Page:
We are living in a time when there is increasingly more data being collected, opening up more opportunities for researchers. As the industry begins to see patients become consumers, the conversation around this data has begun to include questions of ownership and compensation.
“What we really want to do is empower patients to take back full control of their data,” Nicolas Schmidt, chief product officer at Embleema, said at HIMSS19’s Consumerization of Healthcare Summit. “Then we use this data. We find a cure, accelerate or bring to market more treatment, and [patients] should be compensated for it.”
One of the main questions that has come to light is who owns patient data — the patient, provider or payer? But some are saying this is the wrong way to look at data; that it isn’t so much about ownership, but who is sitting in the driver’s seat when it comes to how that data is used.
“I think when we talk about ownership that is really the wrong question. It really is about control, privacy and consent,” Christopher Sealey, cofounder of Coverus, said at the event. “Because when we talk about ownership there are a lot of examples of data being used in negative ways that are exploitative. But there are also a lot of examples of data being used to empower patients to keep people healthy. So I want to be clear that we want to put patients in the driver's seat, and we want to disrupt negative healthcare practices.”
Sealey said that even the patient can have multiple reasons for giving researchers access to their data.
“I have a question over ownership because individual decisions I make are not pure and my motivation can be compromised by my financial situation, my lack of information etc., and also my individual decisions of what I do with my data could have very big effects on other people and my community and workplace,” Sealey said. “So I think when we say the patient should own their data, I think that comes from the ethos of wanting the patient in control, but I think we have to realize that individual ownership may not actually help the patients as much as we think.”
Another avenue being looked at is giving patients a way to get something in return for their data. For example, Nebula Genomics’ business model includes sequencing consumers' genomes and then letting them trade that data for cryptocurrency.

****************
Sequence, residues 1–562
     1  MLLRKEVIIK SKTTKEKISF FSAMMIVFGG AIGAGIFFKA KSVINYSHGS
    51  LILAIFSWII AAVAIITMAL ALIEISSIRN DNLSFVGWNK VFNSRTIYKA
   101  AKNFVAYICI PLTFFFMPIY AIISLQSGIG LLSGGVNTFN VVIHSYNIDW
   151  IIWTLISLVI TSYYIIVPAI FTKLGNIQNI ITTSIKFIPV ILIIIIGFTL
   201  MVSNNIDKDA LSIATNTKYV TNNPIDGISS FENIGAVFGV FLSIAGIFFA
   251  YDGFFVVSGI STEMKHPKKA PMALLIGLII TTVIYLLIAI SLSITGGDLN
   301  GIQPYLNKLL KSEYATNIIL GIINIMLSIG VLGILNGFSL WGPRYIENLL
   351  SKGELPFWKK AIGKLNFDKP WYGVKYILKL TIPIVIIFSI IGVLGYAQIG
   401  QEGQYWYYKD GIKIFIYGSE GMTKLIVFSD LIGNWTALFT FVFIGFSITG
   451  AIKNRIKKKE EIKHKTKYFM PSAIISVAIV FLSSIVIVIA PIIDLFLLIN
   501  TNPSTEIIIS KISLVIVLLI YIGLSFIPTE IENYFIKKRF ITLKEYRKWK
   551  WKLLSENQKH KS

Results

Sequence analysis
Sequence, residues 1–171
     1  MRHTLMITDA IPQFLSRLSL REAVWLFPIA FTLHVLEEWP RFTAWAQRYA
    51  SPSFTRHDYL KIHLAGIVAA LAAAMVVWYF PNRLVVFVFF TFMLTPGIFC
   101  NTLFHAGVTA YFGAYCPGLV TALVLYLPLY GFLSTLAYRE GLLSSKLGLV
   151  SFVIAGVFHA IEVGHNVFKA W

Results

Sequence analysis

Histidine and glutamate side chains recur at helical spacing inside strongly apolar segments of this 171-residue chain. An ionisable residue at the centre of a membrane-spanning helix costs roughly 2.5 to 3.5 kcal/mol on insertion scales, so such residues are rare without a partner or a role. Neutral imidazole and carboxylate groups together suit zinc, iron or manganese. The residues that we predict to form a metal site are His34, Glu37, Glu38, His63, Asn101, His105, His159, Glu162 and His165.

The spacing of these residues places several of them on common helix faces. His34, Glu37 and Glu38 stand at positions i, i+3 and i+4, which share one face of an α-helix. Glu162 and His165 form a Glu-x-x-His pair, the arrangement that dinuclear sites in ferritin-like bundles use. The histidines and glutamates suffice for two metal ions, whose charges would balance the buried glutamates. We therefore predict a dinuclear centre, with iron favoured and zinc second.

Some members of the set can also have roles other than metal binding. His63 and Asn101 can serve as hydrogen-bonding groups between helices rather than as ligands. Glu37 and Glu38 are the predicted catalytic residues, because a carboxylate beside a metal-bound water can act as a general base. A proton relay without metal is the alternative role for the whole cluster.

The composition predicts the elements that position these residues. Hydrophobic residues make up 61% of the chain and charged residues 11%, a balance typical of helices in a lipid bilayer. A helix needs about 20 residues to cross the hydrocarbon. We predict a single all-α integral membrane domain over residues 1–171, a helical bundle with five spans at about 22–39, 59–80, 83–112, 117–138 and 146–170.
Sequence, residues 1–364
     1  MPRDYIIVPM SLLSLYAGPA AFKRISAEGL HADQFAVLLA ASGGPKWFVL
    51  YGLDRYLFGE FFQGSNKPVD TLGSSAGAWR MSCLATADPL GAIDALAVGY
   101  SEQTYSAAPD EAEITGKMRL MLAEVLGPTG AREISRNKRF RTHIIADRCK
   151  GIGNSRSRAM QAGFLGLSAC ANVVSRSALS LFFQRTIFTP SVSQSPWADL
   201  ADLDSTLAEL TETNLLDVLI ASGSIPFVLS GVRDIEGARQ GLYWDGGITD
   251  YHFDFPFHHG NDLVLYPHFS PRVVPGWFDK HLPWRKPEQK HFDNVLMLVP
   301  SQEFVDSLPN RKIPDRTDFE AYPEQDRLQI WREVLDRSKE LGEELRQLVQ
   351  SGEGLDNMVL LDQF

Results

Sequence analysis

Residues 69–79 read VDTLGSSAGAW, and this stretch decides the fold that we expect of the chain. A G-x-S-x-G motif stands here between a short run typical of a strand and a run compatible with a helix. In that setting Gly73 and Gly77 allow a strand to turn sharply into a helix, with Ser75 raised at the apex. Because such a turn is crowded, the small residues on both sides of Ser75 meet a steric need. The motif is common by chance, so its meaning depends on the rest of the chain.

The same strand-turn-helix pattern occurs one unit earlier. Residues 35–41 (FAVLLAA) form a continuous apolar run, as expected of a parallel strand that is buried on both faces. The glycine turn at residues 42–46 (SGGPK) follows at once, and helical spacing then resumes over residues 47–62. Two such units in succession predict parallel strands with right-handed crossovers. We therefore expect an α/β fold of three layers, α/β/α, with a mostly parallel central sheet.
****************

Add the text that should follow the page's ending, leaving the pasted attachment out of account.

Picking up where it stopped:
“The way the system is set up today, the people we want to be winning, aren’t winning. The patients aren’t winning, researchers aren’t winning because they are getting data that isn’t clean,” Kamal Obbad, cofounder and CEO of Nebula Genomics, said at the panel. “You talk to biopharma, they are telling us that the data sets they are collecting from third-party data brokers are subsets of data and it doesn’t make any sense. We do want to find a way to engage patients and incentivize them to participate in this process — to share what is clean data, to share what is longitudinally so we get holistic views of health data.”
One of the main themes during the panel discussion was this idea that incorporating the patient in the data exchange could be beneficial for all parties. Currently research data is often fragmented and only captures one piece of a patient’s overall health. If patients have incentives to share more about their life it could be a more complete picture.
“You have this system where the patients are the one actor excluded from the value chain of data,” Sealey said. “Yet you can also argue they are the one actor that can single handedly make that data the most valuable. So it’s not just directing your health record. It’s telling people how you felt after you took that pill, it’s revealing things about your lifestyle and purchase history.”
When it comes to patients sharing their data in exchange for some form of compensation, there are still a lot of questions including value and use. But as patients continue to move into the consumer role there is no doubt the conversation has only just begun.
“I don’t think it's just a question of giving people their records and letting them broker it, it is understanding that they hold the key to the most powerful tool,” Sealey said.